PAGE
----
Sound Source: SWAN creates a community for songwriters on campus

Allison Arguezo, Reporter



One of the newest clubs on campus, The Songwriters Association at Northwestern is creating community among songwriters at Northwestern. Eddie Ko, the club’s founder and co-president talked about SWAN’s mission of making songwriting accessible to NU students regardless of musical experience. 

EDDIE KO: I think that I’ve always – was always looking for a community of people who got me, and kind of shared my passions for things. Because sometimes when you talk to people who aren’t passionate or into the same things as you, it just feels like a lot of convincing. I just kind of was having like an era in my life, where I was just like, I don’t want to have to convince anyone. I don’t have to convince people to like the things that I think are cool or think that the things that I think are cool have value. 

ALLISON ARGUEZO: That was Eddie Ko, a Communication junior and founder and co-president of SWAN. Since fall 2021, Eddie has been looking to create a space for student artists to perform original written work.

ALLISON ARGUEZO: From The Daily Northwestern, I’m Allison Arguezo, and you’re listening to Sound Source, a podcast about the music scene at Northwestern. This episode is about the newest music club on campus working on bringing songwriters together: the Songwriters Association at Northwestern, also known as SWAN. 


EDDIE KO: There are places where music is alive on campus. here are performance opportunities, but I found a lot of them were for people who were super established as artists, people who wanted to do it professionally. 

ALLISON ARGUEZO: He wanted a space that was less formal, with fewer barriers to entry for students. With this new idea, Eddie started putting up posters to help garner interest for the club. That’s how Co-President and Bienen sophomore Anna Castagnaro, as well as other current executive board members, found out about SWAN. Anna echoed Eddie’s sentiment about a lack of spaces to perform original work.

ANNA CASTAGNARO: We just realized that there weren’t really spaces on campus for musicians to kind of create their own works and really feel like seen by the community for it. And so that can be like just getting assistance with composing or producing or just trying to find a space to perform their new works in like a low-stakes environment.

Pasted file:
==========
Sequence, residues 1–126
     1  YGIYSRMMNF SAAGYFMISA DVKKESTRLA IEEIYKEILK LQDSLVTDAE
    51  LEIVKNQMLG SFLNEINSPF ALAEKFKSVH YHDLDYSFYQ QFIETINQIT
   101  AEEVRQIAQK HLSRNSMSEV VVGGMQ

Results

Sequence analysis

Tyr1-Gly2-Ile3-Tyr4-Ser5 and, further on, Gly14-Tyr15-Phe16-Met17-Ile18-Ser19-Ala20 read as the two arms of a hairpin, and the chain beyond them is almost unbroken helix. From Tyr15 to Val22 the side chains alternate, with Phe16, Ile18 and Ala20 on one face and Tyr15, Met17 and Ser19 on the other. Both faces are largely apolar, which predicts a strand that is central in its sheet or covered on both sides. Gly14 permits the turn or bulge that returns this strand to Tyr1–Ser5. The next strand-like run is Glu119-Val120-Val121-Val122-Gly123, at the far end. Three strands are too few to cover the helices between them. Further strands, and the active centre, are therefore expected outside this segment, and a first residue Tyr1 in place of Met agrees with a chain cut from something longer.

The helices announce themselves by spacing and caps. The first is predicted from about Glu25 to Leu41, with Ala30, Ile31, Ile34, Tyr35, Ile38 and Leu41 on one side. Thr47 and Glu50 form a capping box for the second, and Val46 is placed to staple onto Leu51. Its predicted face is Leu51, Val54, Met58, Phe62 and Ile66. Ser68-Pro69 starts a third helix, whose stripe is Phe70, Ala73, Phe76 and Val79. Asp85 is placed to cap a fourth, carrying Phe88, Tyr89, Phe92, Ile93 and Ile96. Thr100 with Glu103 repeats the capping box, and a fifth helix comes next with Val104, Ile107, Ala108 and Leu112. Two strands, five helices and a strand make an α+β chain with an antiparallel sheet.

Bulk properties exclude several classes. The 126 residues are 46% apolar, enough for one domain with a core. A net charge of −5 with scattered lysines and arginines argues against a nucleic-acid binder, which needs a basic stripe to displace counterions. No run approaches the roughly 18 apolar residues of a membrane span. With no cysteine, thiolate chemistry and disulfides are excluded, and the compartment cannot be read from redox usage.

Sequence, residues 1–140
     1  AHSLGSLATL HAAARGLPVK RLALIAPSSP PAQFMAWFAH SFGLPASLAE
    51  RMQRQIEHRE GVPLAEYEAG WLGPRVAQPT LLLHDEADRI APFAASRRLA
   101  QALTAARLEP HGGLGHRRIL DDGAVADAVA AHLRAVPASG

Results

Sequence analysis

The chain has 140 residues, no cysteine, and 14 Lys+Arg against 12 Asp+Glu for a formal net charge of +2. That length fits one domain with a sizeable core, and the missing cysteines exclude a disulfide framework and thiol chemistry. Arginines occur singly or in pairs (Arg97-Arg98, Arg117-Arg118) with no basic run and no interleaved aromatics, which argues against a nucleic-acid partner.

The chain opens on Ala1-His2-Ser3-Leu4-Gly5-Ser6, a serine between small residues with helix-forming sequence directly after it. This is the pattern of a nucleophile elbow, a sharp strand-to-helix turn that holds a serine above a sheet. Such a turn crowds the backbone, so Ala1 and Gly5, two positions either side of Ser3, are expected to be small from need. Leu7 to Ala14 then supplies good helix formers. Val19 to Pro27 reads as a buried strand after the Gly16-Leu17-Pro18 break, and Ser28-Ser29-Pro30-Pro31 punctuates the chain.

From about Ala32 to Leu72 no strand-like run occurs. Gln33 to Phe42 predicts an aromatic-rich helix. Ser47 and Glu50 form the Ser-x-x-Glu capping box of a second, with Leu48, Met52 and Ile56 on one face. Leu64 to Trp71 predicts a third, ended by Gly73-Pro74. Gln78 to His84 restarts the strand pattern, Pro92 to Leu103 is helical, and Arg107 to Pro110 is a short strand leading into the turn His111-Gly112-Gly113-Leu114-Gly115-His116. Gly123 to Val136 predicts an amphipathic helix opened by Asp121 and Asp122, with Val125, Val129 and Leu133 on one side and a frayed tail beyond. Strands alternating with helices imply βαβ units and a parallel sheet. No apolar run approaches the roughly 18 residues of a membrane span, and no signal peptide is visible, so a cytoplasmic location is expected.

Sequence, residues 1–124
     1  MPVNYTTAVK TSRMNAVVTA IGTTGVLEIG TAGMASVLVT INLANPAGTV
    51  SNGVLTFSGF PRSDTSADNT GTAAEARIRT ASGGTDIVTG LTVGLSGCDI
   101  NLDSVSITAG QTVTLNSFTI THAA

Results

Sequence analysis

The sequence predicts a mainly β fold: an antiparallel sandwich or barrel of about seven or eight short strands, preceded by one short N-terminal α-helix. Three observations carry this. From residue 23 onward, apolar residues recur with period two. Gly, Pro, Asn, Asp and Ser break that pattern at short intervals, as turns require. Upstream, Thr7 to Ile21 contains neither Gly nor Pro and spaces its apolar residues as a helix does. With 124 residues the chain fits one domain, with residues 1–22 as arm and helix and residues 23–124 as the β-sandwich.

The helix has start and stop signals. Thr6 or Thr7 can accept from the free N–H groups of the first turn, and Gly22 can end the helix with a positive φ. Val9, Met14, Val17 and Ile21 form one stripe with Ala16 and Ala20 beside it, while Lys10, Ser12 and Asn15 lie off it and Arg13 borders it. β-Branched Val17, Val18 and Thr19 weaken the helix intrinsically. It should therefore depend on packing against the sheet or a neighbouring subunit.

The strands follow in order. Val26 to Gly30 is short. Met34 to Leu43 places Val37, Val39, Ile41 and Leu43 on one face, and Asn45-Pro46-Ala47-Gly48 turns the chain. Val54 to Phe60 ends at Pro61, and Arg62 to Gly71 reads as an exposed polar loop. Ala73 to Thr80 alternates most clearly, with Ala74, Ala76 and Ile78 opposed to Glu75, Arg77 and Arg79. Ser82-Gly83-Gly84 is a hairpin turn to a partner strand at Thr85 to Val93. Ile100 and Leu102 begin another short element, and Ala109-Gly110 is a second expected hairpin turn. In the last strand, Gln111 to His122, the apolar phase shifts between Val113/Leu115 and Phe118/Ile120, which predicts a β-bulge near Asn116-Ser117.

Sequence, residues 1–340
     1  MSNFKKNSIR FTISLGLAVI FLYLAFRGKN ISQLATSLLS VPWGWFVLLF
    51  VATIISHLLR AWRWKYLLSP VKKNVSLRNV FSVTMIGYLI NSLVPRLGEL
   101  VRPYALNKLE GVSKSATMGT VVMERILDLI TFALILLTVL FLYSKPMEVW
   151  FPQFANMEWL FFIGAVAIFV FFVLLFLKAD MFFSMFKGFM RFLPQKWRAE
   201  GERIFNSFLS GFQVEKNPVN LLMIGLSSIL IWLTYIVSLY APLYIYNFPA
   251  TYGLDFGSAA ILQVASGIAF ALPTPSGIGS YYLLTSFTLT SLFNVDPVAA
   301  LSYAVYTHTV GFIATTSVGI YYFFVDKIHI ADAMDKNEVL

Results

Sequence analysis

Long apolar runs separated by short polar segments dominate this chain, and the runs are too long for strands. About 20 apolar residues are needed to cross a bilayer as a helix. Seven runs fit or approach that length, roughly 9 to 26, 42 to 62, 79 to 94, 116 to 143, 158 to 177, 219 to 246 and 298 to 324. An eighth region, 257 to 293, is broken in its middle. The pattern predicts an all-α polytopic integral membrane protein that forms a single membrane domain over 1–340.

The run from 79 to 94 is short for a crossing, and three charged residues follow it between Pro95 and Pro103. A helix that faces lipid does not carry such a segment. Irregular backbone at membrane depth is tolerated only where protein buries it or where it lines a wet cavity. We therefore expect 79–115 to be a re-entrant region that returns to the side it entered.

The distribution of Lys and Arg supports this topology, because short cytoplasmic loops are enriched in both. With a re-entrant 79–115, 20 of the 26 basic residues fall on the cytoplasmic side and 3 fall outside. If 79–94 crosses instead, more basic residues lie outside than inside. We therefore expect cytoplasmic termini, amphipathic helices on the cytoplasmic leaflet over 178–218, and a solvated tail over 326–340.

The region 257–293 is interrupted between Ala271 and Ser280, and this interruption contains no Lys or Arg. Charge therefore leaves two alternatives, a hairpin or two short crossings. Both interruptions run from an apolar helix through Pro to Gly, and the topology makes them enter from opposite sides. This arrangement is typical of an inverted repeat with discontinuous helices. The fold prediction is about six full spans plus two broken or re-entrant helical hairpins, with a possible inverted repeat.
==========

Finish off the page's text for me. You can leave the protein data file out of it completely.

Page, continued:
ALLISON ARGUEZO: For Vice President and McCormick sophomore Garrett Lee, SWAN is both a place for students to perform their original work, and one where they can gain new inspiration. 

GARRETT LEE: I was in this place where I was composing the same thing over and over again. So part of the reason I joined SWAN was to gain some more insights, but also like try to approach my composition/songs in the different way.

ALLISON ARGUEZO: So what does SWAN do specifically? The club offers what it calls open music sessions, or studio sessions, where students can get guidance and experiment with their music and songwriting. Bienen junior Sebastian Ortiz is one of the members that helps run the studio sessions.

SEBASTIAN ORTIZ: The general members will come in, and we’ll help them write a song. So like, whether that be helping them with chord progressions, or any ideas that we could bounce off with them. 

ANNA CASTAGNARO: It’s just cool. It’s cool to see people in small groups just come in, maybe once a week, and work on stuff with them, and it’s just like their own personal journey.

ALLISON ARGUEZO: SWAN also hosts different types of music-related events, such as its “How I Made” speaker event. 

ANNA CASTAGNARO: That was kind of spearheaded by the outreach team and they got Moyana Olivia, one of the student songwriters, who’s also in Bienen with me, to tell everyone about her songwriting process and the original music she’s made. And it’s been really inspiring to just see people show up to that and also like, to me as a musician, it’s been really cool.

ALLISON ARGUEZO: Looking to the future, the club is working to establish consistent quarterly events.